A few days after this summer’s riots, I blogged that various commentators were rushing to partisan judgement on the causes. And that social scientists had an important role to play in understanding and communicating the complexity of what had happened.
I had no idea at the time, but Nick Clegg was to announce the following day that research would be commissioned by the government to do exactly that. We felt privileged at NatCen to be trusted with the subsequent commission. The research was published a month ago. I’m very proud of the great job our team did: it was a difficult project, and our researchers committed real personal energy and commitment to producing the results rapidly. And it’s great to see our work being added today by the LSE/Guardian/JRF project. The new study appears to be uncovering very similar themes.
We’ll all remember how shocking the unfolding scenes were back in August – with sometimes tragic consequences. Our research brought to life how taken aback those involved were too. Time and again, young people described the events as madness: witnessing people behaving in unlikely ways; and unlikely people getting involved in the first place. They had simply seen nothing like it ever before, and what’s more, no-one was stepping into stop it. For the young people involved, some were motivated by the sheer thrill and excitement of such extraordinary events; some by a one-off opportunity to acquire ‘free stuff’ with apparent impunity; and for others, it was a chance to vent their anger at the police, borne of long resentment.
Another striking finding was the theme of resentment towards the police among young people. A desire to get back at the police for their attitude and behaviour towards young people was a consistent message across all the areas we interviewed in, including urban areas where there had been no rioting.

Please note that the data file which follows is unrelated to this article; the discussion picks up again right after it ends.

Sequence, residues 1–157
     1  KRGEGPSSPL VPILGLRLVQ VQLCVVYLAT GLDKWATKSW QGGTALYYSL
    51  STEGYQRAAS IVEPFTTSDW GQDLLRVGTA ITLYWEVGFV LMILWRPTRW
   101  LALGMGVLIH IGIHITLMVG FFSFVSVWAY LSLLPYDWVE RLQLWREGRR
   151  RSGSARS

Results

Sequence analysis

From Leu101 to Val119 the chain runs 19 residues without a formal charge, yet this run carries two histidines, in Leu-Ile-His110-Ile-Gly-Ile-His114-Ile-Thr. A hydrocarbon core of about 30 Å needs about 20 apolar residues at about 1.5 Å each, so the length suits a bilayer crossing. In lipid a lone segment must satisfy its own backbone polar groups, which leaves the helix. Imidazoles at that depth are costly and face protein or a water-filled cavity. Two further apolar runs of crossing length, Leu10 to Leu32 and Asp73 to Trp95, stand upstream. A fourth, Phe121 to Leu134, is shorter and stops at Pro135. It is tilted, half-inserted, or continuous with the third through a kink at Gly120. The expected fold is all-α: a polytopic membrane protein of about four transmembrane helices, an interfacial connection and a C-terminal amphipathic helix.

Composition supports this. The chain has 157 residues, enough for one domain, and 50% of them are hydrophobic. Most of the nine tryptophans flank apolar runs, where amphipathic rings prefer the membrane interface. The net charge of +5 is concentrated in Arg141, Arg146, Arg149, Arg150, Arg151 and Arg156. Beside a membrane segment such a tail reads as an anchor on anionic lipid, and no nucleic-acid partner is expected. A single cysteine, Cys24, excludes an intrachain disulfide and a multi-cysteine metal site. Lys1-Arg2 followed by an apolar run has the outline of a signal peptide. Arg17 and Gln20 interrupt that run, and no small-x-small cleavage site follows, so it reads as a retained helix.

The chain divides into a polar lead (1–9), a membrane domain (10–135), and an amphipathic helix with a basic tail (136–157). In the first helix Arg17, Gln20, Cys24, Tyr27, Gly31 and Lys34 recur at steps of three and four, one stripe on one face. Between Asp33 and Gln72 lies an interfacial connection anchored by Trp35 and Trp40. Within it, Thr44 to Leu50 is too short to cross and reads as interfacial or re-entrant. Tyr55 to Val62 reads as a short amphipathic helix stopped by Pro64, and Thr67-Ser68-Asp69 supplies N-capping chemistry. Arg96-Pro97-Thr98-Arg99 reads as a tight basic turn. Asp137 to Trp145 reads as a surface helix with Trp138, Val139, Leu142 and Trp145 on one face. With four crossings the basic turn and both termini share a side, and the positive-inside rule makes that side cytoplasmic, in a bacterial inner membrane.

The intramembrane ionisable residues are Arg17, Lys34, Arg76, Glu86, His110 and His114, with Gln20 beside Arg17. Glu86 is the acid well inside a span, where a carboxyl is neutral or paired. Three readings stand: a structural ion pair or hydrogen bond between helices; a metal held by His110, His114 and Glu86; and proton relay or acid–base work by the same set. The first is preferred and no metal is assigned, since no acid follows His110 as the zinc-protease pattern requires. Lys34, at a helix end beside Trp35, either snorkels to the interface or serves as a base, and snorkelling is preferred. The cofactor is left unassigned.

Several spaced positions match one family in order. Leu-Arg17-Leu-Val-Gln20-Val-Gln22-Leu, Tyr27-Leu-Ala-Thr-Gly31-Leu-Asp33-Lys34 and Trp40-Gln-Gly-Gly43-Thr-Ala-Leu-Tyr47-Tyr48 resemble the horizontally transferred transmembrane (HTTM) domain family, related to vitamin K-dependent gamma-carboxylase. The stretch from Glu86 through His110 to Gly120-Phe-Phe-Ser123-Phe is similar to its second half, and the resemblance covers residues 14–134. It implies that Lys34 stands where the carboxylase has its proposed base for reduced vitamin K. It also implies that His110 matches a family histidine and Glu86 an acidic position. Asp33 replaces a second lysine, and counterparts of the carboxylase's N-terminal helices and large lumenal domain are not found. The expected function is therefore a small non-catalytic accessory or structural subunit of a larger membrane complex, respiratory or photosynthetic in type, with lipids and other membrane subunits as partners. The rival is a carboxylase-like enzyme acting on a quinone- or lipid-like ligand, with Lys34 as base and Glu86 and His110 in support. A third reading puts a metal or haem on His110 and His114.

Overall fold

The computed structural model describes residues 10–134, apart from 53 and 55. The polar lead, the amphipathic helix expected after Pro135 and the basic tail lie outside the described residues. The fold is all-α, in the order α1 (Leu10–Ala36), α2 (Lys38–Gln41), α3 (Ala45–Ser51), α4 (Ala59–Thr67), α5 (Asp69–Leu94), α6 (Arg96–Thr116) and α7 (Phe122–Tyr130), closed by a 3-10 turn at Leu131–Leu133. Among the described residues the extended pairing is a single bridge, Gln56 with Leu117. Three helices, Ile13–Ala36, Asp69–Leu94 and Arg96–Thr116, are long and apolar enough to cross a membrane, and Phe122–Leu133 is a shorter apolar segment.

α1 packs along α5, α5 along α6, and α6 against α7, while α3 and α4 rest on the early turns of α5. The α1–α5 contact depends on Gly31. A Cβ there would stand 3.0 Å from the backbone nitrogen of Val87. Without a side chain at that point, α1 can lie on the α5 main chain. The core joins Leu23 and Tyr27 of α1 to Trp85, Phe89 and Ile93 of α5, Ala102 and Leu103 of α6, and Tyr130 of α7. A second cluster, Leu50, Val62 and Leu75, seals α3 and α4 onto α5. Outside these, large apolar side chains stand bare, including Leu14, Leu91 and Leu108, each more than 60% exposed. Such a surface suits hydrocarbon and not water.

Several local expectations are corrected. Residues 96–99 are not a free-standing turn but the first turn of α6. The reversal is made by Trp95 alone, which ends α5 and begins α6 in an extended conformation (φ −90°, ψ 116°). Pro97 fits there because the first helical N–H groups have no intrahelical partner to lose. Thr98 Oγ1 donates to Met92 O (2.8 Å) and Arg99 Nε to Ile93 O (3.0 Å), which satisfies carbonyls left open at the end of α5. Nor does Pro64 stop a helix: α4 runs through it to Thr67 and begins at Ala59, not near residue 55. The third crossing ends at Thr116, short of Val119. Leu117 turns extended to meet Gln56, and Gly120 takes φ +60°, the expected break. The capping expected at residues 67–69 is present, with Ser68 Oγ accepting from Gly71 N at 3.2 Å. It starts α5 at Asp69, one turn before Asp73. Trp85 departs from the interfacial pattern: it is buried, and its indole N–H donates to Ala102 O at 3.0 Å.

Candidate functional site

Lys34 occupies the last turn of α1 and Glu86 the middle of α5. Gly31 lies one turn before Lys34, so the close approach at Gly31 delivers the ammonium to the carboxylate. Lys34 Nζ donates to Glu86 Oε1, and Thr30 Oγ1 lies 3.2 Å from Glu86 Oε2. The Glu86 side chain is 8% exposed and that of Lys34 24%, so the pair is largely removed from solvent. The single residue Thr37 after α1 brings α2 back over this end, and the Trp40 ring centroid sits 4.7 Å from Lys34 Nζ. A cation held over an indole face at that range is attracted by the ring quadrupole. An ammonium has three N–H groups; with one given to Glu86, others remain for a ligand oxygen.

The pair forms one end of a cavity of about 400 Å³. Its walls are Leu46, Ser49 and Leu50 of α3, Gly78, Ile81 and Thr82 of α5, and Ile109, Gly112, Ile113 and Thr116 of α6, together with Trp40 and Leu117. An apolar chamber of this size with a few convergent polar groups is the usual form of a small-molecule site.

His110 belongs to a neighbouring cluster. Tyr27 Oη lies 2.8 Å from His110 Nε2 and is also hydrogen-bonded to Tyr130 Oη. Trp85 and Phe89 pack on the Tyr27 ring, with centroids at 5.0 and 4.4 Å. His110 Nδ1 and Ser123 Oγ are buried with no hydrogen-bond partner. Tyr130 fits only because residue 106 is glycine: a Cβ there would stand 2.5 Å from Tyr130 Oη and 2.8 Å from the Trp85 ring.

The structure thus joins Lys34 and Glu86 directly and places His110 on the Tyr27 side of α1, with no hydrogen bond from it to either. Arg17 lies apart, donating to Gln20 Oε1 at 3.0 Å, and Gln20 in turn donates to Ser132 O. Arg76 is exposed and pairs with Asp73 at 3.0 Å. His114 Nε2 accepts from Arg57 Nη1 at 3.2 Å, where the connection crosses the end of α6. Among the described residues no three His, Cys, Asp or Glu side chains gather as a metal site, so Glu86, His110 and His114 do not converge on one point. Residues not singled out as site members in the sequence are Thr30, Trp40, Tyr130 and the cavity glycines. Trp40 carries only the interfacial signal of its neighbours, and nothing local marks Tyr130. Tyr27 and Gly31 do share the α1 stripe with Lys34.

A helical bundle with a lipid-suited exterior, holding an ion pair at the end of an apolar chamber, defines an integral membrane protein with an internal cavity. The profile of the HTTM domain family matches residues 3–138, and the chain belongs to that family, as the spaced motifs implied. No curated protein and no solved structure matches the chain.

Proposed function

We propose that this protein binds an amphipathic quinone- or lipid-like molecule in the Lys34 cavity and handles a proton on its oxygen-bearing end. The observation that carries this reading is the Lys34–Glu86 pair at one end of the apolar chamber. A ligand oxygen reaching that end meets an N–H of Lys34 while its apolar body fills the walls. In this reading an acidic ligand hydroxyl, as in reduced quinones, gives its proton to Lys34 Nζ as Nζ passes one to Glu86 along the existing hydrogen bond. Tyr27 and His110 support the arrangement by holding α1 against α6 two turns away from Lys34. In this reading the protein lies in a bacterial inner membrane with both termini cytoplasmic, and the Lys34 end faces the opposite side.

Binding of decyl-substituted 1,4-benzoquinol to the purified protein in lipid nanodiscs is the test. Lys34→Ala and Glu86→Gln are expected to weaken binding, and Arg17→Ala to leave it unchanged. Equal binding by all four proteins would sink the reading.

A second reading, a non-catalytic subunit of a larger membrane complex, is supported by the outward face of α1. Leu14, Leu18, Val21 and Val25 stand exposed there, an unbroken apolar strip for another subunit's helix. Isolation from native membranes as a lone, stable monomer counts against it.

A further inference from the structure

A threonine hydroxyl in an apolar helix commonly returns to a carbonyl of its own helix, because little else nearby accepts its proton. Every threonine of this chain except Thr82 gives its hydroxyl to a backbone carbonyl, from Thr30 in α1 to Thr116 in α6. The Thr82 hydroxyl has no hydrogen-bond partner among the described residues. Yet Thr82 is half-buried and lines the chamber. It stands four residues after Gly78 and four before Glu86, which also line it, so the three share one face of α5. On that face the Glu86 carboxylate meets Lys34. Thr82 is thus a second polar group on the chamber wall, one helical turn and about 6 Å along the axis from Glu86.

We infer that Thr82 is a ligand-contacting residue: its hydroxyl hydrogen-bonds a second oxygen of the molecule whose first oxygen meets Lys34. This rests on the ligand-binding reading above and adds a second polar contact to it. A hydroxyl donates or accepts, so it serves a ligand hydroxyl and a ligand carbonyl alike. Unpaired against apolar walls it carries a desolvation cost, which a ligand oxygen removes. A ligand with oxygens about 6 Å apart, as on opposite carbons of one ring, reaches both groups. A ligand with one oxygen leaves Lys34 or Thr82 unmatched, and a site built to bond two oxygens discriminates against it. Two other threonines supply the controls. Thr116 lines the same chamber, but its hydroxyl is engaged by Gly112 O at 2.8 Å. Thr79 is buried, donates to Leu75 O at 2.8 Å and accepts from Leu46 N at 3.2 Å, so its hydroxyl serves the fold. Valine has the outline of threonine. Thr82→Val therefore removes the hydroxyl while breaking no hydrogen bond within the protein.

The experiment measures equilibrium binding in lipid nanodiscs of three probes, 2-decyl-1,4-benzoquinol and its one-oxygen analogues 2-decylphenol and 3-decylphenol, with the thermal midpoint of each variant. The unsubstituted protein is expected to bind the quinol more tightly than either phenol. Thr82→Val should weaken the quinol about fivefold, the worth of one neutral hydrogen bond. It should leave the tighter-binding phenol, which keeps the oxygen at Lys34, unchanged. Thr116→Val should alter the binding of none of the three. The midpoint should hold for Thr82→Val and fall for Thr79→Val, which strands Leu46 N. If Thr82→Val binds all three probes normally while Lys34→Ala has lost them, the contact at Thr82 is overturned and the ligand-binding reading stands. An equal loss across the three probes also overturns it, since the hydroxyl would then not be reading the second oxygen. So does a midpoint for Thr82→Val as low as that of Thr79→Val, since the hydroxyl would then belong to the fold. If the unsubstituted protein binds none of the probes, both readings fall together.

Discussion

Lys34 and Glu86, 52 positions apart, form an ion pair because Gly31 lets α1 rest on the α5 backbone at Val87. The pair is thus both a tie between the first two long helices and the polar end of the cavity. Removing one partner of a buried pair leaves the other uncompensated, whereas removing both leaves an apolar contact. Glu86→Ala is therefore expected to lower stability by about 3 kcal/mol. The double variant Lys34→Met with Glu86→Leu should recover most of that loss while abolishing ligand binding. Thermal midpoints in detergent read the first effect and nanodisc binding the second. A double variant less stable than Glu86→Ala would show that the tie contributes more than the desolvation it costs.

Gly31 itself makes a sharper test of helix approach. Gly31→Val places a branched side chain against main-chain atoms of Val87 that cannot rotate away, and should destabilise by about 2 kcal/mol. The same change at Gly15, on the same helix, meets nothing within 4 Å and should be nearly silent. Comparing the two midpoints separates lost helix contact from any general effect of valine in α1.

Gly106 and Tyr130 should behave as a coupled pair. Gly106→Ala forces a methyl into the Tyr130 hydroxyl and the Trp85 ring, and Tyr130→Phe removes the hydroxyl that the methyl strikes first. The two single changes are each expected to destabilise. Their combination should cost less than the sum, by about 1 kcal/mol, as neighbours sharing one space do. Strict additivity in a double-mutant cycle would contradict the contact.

And while the research confirmed the role of social media and blackberry messaging in speeding up information flow (an important facilitator, and something which concerned many commentators at the time), another striking finding was the similar importance of a rather old fashioned technology: television. Young people could see the disorder spreading from the grandstand view of their own living rooms.
It’s a fair bet that the vast majority of the British public would say that inequality – whether real or perceived - is no justification for looting and rioting. But it is a part of the story of what happened. Where young people felt they had no stake in society, no stake in the future, and nothing to lose, these thoughts pulled some towards getting involved. Others were protected by a strong sense of right and wrong, a strong connection to their community, and having a strong sense of what important adult authority figures (parents, youth workers) would say. But the prevailing sense of “madness” meant that even where people did have a stake, or a usually strong moral compass, some behaved atypically and recklessly, and made what they soon described as a stupid decision.
For me, our research shows just how important research is in a well functioning democracy. It was the first to hear from those involved in the riots. The new research from LSE, the Guardian and JRF consolidates it. Together, the body of evidence provides a chance to move beyond pre-existing theories. It’s a chance for the commentariat, opinion formers, and politicians to listen to and reflect upon what those involved have to say about why and how they got involved. It doesn’t excuse what happened. But whatever your own politics or perspective, it’s hard to disagree with Nick Clegg’s thoughts on announcing the need for research that we need a ‘thougthful determination’ to understand what happened.